Bollé Avio

Cyclists wearing Bollé Avio MIPS cycle helmet

(Image credit: Bollé)

Freshly launched for the 2022 edition of The Tour, the new Bollé Avio (opens in new tab) is aerodynamically optimised, well-vented and ultra lightweight at just 234 grams. The helmet utilises MIPS (Multi Impact Protection System) to keep wearers even safer from head injury.

Hammerhead Karoo 2

Hammerhead Karoo 2 Predictive Path feature launched

(Image credit: Hammerhead)

While the majority of teams will be using Garmin computers, we thought we should give a shout out to the Hammerhead Karoo 2, as we recently gave it a T3 Award – the yellow jersey of tech-related trophies. With a smartphone-like touchscreen, this connected computer is used by Chris Froome's ISN team. Its killer feature, aside from the very lush screen, is Climber. As you might guess, this detects climbs along your route and can deliver information for each one. Data gleaned from the ISN team's efforts will be rolled out to all Karoo 2 owners, so their pain is your gain.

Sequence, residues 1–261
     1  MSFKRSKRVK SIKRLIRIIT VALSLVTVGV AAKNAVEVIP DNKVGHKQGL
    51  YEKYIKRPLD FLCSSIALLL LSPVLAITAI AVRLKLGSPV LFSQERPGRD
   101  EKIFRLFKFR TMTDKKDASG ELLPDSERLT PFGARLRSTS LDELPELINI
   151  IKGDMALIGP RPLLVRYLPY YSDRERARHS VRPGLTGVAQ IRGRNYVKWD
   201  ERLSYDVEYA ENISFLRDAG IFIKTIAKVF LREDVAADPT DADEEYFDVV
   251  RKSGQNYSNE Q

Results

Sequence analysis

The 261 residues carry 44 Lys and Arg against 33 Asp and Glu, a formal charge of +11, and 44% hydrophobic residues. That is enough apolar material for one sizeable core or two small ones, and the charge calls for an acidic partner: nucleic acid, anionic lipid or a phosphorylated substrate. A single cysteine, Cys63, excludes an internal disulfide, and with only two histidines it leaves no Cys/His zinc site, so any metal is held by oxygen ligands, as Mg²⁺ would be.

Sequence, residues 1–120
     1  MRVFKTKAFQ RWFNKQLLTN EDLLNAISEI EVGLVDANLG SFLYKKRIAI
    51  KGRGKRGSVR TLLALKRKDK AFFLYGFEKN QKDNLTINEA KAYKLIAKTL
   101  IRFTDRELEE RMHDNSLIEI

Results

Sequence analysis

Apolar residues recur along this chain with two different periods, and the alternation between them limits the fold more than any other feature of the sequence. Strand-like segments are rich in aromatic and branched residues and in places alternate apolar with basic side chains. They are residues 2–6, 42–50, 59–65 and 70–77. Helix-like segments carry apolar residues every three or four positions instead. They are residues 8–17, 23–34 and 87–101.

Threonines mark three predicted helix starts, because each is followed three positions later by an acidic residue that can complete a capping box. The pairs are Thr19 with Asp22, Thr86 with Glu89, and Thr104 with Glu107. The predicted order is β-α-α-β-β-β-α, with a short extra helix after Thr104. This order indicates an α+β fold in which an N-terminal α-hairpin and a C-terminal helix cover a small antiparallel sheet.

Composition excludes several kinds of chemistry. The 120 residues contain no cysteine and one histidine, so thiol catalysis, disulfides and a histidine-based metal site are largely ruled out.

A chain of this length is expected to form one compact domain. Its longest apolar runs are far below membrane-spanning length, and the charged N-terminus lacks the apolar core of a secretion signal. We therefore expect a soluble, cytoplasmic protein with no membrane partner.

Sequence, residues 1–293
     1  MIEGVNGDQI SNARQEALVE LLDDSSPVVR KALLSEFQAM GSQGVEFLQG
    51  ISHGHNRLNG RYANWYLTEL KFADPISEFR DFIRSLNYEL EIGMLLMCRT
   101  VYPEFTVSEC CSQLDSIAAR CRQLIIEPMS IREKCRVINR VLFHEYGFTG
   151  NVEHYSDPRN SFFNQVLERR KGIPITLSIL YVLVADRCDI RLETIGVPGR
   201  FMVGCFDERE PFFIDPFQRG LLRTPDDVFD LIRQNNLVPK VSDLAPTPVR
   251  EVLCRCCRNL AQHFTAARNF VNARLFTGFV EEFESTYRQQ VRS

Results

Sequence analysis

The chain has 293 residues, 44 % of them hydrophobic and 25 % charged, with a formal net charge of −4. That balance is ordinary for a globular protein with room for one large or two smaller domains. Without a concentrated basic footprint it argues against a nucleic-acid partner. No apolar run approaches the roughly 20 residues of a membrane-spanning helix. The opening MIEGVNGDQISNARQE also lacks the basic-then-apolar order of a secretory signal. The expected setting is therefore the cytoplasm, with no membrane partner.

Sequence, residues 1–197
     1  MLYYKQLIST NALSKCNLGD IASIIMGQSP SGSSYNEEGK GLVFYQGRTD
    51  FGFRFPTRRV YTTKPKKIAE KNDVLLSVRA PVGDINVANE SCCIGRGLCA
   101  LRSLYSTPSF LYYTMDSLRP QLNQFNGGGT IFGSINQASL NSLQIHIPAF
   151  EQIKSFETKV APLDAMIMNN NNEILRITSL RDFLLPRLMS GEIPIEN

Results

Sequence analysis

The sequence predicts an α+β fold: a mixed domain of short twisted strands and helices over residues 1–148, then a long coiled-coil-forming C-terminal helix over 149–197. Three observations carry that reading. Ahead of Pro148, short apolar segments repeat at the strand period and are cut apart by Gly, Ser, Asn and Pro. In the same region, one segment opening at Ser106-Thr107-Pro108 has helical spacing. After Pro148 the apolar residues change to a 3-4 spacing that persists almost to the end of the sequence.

Rotor 2INPOWER

Rotor 2INPOWER cranks and power meter

(Image credit: Rotor)

These Rotor (opens in new tab) direct mount power meter cranks let you know when to turn up the pace and when to ease off. As well as real-time feedback, the date it collects will reveal how well you ride – and help you improve too, of course. It's Strava-compatible so you can show off to the cycling community in general, which is certainly a bonus.

Duncan has been writing about tech for almost 15 years, during which time he has attended every event going, apart from Apple ones, as he mysteriously doesn't get invited to them. He has covered everything from smartphones to headphones, TV to AC and air fryers to the movies of James Bond and obscure anime.